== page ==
Police investigating the homicide of the "Lady of the Dunes" in Provincetown are seeking information about a man she was married to,s.
On Monday, FBI investigatorsof the woman found dead in the Provincetown dunes in July 1974 as Ruth Marie Terry.
State Police believe she married Guy Rockwell Muldavin months before her body was found. Muldavin, a white male, is now dead.
He was also known to use the names of Raoul Guy Rockwell and Guy Muldavin Rockwell. Muldavin was born on October 27, 1923.
State Police also learned the victim went by other names, including Teri Marie Vizina and Teri Shannon.
State police say the investigation is ongoing, but they believe Muldavin is the same man possibly linked to crimes in Seattle. Although he was never charged, he may have been suspected in the deaths of his ex-wife and her daughter.
During a news conference Monday, authorities said Terry was born in Tennessee and was 37 at the time of her death.
Federal and state agents shared updates about their investigation into the woman previously called "Lady of the Dunes" because authorities had been unable to identity her for decades.
Terry's body was found dead on July 26, 1974, in sand dunes roughly a mile east of the Race Point Ranger station in Cape Cod, according to police, who estimate that she'd been killed several weeks before the discovery.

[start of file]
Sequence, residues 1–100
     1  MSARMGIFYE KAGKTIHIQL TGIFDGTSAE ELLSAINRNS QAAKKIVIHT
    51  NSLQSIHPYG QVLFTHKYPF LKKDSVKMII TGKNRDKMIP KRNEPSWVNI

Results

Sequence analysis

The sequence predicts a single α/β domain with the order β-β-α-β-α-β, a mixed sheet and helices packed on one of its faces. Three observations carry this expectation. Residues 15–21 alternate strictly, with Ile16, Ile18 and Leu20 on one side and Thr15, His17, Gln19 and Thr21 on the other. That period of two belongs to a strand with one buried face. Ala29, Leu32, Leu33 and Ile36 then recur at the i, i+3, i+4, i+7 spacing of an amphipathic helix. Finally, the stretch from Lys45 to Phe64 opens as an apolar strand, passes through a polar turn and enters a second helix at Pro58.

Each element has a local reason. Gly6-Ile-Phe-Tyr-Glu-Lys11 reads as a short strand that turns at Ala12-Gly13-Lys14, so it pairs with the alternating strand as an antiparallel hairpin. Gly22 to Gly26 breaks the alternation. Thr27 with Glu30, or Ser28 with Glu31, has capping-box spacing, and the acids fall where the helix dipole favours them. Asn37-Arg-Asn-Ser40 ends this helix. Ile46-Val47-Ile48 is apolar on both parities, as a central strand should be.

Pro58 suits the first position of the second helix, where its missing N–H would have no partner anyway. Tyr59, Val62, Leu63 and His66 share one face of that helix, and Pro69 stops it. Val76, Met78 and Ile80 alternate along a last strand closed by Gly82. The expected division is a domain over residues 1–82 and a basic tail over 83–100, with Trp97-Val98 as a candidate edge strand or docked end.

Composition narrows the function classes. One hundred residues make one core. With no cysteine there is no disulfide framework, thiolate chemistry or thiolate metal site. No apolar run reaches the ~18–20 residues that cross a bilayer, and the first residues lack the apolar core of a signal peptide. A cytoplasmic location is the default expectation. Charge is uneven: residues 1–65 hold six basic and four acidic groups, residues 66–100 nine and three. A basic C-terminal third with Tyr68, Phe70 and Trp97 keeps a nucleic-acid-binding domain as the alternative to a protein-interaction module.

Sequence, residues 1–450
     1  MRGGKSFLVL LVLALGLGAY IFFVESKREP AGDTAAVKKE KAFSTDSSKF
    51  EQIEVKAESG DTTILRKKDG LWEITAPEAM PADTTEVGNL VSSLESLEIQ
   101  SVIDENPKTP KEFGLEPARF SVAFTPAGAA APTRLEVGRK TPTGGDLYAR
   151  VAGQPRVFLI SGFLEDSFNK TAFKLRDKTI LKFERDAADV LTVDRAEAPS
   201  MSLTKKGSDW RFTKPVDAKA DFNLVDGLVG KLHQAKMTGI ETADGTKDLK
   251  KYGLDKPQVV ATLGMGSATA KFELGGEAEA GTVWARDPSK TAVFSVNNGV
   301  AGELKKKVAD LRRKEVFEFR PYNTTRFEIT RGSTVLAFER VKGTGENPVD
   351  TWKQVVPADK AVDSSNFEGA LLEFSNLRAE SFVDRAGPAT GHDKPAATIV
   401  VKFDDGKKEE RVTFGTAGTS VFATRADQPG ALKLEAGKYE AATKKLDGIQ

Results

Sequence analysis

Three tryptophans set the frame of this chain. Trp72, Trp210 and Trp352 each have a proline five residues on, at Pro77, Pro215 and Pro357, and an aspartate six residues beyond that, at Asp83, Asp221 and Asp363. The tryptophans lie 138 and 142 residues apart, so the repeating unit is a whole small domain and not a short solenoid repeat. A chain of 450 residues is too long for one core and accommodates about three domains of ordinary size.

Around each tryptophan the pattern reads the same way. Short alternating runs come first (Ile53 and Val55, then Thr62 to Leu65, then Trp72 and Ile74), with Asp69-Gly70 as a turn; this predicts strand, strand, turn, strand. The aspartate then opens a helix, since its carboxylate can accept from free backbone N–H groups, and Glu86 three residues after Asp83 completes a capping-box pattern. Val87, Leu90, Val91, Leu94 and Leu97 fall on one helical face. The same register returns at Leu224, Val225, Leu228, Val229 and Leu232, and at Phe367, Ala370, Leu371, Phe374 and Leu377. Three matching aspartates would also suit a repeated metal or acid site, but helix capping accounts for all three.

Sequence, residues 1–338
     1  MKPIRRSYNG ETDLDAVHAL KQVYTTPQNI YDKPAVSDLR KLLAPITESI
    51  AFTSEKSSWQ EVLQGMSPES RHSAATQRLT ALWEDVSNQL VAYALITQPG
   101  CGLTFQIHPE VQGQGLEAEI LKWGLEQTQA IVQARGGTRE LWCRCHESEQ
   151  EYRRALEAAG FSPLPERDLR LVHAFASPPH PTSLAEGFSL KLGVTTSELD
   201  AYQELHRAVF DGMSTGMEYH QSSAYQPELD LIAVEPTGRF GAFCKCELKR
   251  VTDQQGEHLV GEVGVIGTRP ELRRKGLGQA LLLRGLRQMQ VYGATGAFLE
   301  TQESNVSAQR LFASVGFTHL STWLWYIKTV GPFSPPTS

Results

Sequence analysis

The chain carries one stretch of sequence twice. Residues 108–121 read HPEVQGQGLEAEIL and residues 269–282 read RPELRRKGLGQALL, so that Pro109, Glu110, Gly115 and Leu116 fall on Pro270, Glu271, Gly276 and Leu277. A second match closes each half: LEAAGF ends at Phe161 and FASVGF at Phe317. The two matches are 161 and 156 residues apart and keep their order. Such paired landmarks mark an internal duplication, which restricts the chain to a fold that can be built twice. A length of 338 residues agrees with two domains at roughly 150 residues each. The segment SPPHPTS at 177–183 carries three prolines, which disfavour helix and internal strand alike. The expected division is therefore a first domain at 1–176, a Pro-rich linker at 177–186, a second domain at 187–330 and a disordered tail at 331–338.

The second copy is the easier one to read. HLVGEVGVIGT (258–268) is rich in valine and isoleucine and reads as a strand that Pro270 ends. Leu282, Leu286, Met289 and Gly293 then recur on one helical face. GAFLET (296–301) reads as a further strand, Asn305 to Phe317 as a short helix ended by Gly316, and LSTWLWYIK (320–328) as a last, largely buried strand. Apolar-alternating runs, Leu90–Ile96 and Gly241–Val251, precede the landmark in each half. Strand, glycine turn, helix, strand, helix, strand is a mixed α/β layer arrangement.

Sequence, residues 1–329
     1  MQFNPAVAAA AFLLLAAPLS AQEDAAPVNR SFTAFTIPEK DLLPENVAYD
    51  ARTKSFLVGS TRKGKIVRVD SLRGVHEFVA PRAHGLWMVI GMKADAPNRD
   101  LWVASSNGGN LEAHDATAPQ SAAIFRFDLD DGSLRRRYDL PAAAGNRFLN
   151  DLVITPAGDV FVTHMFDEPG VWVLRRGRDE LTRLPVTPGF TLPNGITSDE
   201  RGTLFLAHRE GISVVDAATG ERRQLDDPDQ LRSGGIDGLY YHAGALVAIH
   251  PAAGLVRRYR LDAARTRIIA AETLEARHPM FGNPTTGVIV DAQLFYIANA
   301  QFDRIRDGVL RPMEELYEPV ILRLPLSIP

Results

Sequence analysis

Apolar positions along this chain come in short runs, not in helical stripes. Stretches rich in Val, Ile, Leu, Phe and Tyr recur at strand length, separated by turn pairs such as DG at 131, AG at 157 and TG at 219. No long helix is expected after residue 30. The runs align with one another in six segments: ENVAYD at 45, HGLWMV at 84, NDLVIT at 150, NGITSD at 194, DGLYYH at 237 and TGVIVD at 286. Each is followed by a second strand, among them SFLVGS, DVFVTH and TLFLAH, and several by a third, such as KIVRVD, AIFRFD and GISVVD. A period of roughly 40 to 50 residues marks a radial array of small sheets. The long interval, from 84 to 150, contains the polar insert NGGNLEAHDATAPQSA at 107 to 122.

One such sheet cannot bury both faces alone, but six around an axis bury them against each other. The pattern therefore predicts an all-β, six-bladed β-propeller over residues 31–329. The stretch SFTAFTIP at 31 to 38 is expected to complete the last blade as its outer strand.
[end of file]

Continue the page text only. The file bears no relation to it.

Although officials determined at the time that head trauma had caused Terry's death, the particularly violent and grisly circumstances of her murder had prevented them from identifying her. The killer had removed her hands, possibly to hide fingerprints and her head was crushed and nearly severed from her body.
Investigators determined that in addition to Tennessee, Terry had ties to California, Massachusetts and Michigan. She was "a daughter, sister, aunt, wife, and mother," police said Monday.
FBI agents partnered with the Massachusetts State Police and District Attorney's Office as well as Provincetown police to uncover Terry's identity, which was eventually revealed using investigative genealogy, the FBI said Monday.
Investigative genealogy, also called forensic genealogy, is a technique where law enforcement pulls genetic information from databases to review in the context of a criminal case. Authorities can use DNA analysis in combination with traditional genealogy research and historical records, or private databases, to do this.
"This is a unique method that can generate new leads for unsolved homicides, as well as help identify unknown victims," said Joseph Bonavolonta, the special agent in charge of the FBI's Boston unit, in prepared remarks ahead of the announcement. "This is, without a doubt, a major break in the investigation that will, hopefully, bring all of us closer to identifying her killer."
-- Emily Mae Czachor contributed reporting.
for more features.